When Fred got home, he found Maria sprawled on her belly in their bedroom. He tiptoed across the linoleum floor approaching her. Maria sensed this, clamped up as if on a defensive, turning to the other way to face the wall.
“Please go away.” Maria appealed softly to her beloved. Her body was completely tense and cold. She could smell his familiar scent when Fred tried to move in closer. She felt the bed bounce.
Maria has mustered enough courage and told Fred the news at the dinner table. It was a hard confession but it was the truth. She couldn’t bear his child. If only it had been possible, maybe things would have turned out differently. “The doctors did all that they could,” she explained. “It was already the third opinion.” She’s thirty-six.
Fred helped out with the dishes. They both had a cigarette and a drink in silence, after which, she went into the bathroom but did not come back for a good period of time.
The next day she spent the entire morning in the sun as she did the entire summer by the pool. Betsy and Jackie told her that she could still be happy regardless. Maria’s heart scowled at them. She wanted to scream. She wanted to disintegrate.
She was driving just after sundown. It was already dark but the tufts of her scarf stood out in the glare of the dashboard. The Coke next to her was bland with the melting ice in it. She knew the time, but the destination was unclear to her. Regardless, the steering wheel had been kind enough to indulge her indecisions. There was the moon in the open sky. If she and Fred were to triangulate, they’d be able to find themselves on the moon, she figured. He was probably staring at it too, this she had hoped. Just imagine, forgetting grief. She told herself. But it is just an idea to help cope with a weeping heart. It wasn’t a cure or the antidote that Maria was looking for at the moment. It was an illusion for a fanatic, nothing more. A fog machine. Solid carbon dioxide.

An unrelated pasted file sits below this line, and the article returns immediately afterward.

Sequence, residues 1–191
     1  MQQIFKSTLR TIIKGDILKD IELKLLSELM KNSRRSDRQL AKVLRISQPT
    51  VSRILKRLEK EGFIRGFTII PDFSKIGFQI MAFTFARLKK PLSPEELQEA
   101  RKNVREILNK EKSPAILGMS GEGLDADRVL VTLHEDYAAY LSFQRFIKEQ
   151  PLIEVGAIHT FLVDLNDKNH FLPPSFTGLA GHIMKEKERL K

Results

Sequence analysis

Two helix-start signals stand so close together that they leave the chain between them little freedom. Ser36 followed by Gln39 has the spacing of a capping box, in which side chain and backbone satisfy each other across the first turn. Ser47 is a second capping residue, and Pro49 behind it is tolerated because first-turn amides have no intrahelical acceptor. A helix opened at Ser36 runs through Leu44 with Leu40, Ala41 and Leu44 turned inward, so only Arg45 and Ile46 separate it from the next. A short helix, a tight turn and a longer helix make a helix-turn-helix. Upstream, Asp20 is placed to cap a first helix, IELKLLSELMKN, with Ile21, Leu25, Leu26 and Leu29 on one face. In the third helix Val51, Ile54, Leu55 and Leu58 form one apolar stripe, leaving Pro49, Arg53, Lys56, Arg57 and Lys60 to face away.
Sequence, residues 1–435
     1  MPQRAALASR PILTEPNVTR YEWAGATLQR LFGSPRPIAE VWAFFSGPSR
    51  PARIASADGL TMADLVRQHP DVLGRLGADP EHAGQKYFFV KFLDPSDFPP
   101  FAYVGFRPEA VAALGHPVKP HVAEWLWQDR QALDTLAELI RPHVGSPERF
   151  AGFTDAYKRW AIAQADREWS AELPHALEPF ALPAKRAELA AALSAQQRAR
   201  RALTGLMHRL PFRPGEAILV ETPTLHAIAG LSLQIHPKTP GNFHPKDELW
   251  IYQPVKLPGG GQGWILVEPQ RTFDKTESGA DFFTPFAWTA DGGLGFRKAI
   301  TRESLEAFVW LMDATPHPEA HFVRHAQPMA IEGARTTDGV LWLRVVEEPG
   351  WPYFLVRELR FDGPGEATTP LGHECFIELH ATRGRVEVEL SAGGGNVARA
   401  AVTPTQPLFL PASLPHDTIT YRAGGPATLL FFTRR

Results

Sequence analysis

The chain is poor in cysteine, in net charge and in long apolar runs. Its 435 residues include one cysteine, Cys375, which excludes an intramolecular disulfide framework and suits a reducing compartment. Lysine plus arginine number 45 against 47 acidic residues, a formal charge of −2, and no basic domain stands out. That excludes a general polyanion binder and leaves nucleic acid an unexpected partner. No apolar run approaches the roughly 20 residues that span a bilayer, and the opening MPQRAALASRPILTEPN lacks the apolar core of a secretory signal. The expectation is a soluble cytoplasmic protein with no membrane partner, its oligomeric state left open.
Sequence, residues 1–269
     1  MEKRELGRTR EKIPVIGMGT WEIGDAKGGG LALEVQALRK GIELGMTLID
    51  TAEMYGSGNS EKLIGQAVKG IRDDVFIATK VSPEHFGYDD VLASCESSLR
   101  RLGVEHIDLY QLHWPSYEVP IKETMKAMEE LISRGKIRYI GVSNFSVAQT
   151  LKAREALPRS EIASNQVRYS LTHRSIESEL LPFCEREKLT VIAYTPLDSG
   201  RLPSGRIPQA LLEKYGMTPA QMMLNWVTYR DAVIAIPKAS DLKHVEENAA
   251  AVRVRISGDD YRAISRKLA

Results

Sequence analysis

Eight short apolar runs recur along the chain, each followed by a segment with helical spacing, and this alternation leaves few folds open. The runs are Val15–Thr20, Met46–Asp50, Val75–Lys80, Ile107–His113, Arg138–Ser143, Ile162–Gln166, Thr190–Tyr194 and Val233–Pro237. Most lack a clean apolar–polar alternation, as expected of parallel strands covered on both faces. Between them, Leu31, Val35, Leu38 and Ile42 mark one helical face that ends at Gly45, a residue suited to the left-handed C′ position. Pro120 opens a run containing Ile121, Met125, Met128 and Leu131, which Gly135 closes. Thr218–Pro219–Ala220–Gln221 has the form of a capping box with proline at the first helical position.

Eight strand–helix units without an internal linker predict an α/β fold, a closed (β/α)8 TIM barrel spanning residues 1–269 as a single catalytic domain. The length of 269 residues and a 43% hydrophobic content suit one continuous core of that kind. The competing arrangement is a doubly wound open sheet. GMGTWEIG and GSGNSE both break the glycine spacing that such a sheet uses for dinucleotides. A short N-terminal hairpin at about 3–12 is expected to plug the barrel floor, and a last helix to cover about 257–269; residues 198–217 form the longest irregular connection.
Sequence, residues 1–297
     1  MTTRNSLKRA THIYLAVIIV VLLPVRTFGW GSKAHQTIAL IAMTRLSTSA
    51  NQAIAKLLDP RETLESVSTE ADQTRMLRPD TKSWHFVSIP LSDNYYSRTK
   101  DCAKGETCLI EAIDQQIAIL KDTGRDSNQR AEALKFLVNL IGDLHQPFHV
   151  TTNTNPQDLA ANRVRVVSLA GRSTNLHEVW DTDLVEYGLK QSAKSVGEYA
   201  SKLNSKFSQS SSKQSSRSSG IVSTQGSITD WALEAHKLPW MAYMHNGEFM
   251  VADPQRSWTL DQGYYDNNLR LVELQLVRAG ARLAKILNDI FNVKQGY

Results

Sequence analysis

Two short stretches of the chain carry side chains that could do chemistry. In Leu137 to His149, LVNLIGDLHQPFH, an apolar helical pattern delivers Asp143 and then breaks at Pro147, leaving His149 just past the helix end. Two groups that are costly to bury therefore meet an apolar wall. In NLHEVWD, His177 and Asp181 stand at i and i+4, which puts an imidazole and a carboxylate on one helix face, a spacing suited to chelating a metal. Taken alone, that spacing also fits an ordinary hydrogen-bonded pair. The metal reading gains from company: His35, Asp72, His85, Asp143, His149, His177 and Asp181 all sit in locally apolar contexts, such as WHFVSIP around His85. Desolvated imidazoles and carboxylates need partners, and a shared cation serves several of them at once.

Maria stopped by a store to rent a movie. She wanted to be River Phoenix and Keanu when they rode that canary-yellow Norton bike. She wanted to let her hair loose and just drive that motorcycle far away, getting lost. But she was tired and it was getting late. And it just won’t feel the same.
In the dead of the night, instead, she threaded what could have been a scenic road to Infanta in the morning. She drove on until the humming of the car engine had finally caught up with her and pounced her heavy heart.
It was a beautiful night under the stars. And what soon remained, finally, was the fading screech of the tires on the pavement and the deafening punctuation she had decided to write down, when she took a quick turn, ramming a steel barrier.
She had sent what remained of her sorrow into the deep enclosures of the quiet.
And as this moment stretches on infinitely in her head, during the fall, Maria played a memory again and again, until she could no longer:
When Fred and Maria walked up the hillside to the direction of the wind. When the tamarind trees were dark in the sun and there were tall grasses swaying around the pathway where they trekked. When Maria went along with it, even though she knew that her place had always been near the water. When her skin longed for the chlorine of her backyard pool. When there were about six or seven patches of grey clouds above them. When they touched lips for the first time.